I happen to have in my possession a couple of 40+MP cameras for a little testing. I’ll be writing reviews on each in due course, but, as this was a first time playing with gear of this caliber, I thought you might like to see what is possible with sensors so big.
First, let me explain this is not a full review nor a complete sharpness test. I leave those to the likes of DXOMark.com as they do an excellent job of lab based tests. This is simply to show examples of what is possible with newer sensors and gear because, frankly, I was amazed at what I saw on my computer screen when I started testing these cameras. Then I started thinking; One camera is 1/10th the price of the other, can it be just as sharp? This is also not a test of all the camera’s functions as that would be an apples to oranges contest.
The first camera is a medium format Pentax 645D with a 55mm lens. It retails for $10,100USD with lens. The second camera is a Sigma DP2 Merrill which sports a 30mm lens and retails for $1000USD. I have a “First Impressions” post up on the DP2 Merrill on The Phoblographer if you are interested to read more.
Because of crop factors, the two lenses are fairly close. In 35mm equivalents, the Pentax is a 43mm lens and the Sigma is a 45mm lens. This means there will be ever so slight variations in the shots, but I have attempted to keep them to a minimum.
The Pentax 645D sports a 40MP sensor (44mm x 33mm and 7,264 x 5440 pixels) while the Sigma DP2 claims 46MP (23.5mm x 15.7mm and 4,800 x 3,200 x 3 layers….I’ll explain). Some people have asked if the Sigma propaganda machine is bending some numbers and pumping out BS when it claims 46MP and my answer has been: no.
You have to think about light capture and that ‘magical’ number people like to throw around when comparing one camera to another; megapixel. The Pentax captures light in a traditional Bayer patter, where each pixel can only read one part of light (red, green or blue (RGB)). To figure out what color actually existed over each individual pixel, black magic and mathematical algorithms are employed to surmise, based on surround pixels picking up the other two colors, what was really going on at that pixel. That’s ‘traditional’.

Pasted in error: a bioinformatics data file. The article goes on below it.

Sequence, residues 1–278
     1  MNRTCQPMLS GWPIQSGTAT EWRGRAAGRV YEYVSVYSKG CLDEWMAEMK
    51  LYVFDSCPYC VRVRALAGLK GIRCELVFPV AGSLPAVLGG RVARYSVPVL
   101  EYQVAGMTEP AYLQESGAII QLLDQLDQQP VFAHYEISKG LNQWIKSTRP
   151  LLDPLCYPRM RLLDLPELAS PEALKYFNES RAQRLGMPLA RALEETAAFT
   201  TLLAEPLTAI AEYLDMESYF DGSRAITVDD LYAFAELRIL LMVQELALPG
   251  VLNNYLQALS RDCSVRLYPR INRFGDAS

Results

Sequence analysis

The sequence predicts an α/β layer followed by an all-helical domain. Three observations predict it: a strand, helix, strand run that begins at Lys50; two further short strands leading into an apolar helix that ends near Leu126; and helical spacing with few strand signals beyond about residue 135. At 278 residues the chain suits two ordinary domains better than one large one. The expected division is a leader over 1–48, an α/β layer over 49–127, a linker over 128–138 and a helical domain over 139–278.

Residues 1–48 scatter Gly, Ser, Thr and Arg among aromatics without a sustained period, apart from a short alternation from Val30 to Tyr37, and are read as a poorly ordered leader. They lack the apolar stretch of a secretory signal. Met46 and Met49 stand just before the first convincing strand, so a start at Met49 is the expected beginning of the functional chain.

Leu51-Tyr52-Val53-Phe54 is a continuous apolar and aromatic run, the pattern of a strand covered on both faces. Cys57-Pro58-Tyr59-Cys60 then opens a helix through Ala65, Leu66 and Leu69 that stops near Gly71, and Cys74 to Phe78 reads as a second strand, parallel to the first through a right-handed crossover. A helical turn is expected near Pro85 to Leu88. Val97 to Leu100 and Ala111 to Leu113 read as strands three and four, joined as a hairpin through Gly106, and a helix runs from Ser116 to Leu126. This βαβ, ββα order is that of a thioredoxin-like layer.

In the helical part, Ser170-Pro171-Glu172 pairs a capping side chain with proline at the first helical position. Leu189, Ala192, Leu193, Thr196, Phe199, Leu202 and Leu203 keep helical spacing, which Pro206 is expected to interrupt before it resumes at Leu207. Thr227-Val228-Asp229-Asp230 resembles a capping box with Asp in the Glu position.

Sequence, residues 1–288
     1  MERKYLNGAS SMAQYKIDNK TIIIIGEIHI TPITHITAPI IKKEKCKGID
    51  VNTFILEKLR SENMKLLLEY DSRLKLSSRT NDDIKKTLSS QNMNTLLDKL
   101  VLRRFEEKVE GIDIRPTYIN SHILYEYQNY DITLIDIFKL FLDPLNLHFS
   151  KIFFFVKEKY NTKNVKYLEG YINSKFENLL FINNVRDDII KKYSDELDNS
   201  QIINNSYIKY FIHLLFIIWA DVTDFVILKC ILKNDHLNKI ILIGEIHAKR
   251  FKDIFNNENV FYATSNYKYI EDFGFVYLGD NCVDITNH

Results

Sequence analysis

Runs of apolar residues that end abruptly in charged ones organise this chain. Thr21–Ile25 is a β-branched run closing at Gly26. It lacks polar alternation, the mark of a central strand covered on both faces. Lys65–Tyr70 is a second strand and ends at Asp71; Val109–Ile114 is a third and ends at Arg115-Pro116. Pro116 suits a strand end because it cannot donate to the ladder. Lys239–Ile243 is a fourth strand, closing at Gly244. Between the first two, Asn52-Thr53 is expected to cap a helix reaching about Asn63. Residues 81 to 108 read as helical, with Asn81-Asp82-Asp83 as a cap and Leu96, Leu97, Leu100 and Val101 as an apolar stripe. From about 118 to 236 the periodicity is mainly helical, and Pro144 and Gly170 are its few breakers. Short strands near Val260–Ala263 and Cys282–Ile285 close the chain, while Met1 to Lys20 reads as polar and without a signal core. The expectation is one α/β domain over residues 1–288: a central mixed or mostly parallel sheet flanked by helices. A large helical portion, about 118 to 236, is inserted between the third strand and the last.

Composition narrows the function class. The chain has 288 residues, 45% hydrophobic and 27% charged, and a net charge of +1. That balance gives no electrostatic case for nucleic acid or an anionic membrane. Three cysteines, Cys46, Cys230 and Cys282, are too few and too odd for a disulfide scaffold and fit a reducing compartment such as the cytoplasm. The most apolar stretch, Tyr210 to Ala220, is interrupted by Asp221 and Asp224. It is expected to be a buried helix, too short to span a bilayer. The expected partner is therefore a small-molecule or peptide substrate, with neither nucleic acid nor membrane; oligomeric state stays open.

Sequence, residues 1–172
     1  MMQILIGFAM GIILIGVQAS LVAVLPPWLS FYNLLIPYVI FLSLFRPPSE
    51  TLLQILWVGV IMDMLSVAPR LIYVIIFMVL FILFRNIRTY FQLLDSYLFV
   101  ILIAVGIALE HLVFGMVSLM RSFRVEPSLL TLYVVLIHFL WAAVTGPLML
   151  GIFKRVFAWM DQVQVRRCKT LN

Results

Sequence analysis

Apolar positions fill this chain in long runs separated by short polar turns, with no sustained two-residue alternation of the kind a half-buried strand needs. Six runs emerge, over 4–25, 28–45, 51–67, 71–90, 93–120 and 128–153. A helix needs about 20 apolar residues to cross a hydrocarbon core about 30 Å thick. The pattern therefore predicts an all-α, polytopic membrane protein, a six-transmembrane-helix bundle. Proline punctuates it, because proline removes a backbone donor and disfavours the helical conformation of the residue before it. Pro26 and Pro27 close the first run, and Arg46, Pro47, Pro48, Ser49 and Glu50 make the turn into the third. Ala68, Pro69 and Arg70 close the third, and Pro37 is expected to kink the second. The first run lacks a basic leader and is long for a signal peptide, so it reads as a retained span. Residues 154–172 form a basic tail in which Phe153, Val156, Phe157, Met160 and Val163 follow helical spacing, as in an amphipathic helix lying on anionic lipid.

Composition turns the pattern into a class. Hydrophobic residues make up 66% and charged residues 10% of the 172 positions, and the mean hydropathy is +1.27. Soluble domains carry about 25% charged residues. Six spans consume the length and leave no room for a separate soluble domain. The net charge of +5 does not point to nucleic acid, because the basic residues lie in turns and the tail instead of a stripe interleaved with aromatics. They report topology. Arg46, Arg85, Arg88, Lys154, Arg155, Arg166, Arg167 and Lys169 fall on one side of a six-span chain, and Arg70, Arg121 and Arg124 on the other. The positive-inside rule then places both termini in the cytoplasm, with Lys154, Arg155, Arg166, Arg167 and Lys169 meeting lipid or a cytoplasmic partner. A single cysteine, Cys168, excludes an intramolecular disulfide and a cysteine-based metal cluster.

The Sigma captures light in a new way and doesn’t conform to the old way of counting megapixels because it truly captures more detail. The short of it is the Foveon X3 sensor employed in the Sigma DP2 Merrill captures red, green and blue at each and every pixels. Wikipedia actually does a good job of explaining this. So it’s not marketing BS, but they also want to help people understand this is more than just a 15.3MP (4,800 x 3,200) sensor.
What does this mean in practical terms? It means the Sigma DP2 Merrill captures 46 million bits of light data, while the Pentax 645D captures 40 million. In the end, the image dimensions are larger on the Pentax 645D (because it interpolates the missing data for two colors for each pixel) than the Sigma (which ends up with just 15.3 million pixels of information, but without the interpolation). Let’s take a look at how this plays out.
For some side by side comparisons I have left the images as unadulterated as I could. Sigma’s SPP software used for initially processing the X3F RAW files has a slight bit of sharpening on by default, but I otherwise turned off sharpening in Lightroom for the other files. I shot the Pentax 645D in RAW format using Adobe RGB as the color space and DNG for the file type. The Sigma used Adobe RGB as well. This isn’t a color test, though.
Click on each 100% cropped zoom for a full sized JPG. I will also make some RAW files available at the end of the post. Because the Pentax sensor takes up more physical space, you will notice the zooms on those images are closer. All images were shot at f/8, ISO 100 and either 1/100th of a second (rust and spider) or 1/400th (vitamins and prayer flags).
And what about comparing either camera to a 35mm DSLR?
In one last test, I include a Canon 7D with 28-300mm L lens set to 28mm ( for a 45mm equivalent). This camera’s sensor is 22.3mm x 14.9mm and has 5184 x 3456 pixels for a total of 18MP. It currently retails for $1500 (another $2400 for the lens).
Conclusion And RAW Files
While I personally would love to keep all the cameras, I would love to own the Pentax 645D because it is big and sexy. It’s images are big and clear.
That being said, for $9000 less, the Sigma DP2 Merrill is not only portable, it is very sharp. Yes, it’s sensor takes up less space and outputs less pixels when printing. But, the quality is amazing for this size package and price point, to be honest. It’s not a camera for everyone, but those looking for a small body and high quality, would do themselves a favor to give one a try.
Now for the RAW files! Here is a link to all of them (you will also find some other sample Pentax 645D images there). You will need SPP, free and downloadable from here, to view the Sigma files. I have included TIFF versions of the Sigma files if don’t wish to convert them.
Of special note: While the Sigma sensor takes up less space (15.3MP large as compared to 40MP large) the files sizes RAW out of each camera are comparable, indicating the Sigma version does include far more information than the 15.2MP moniker would indicate alone.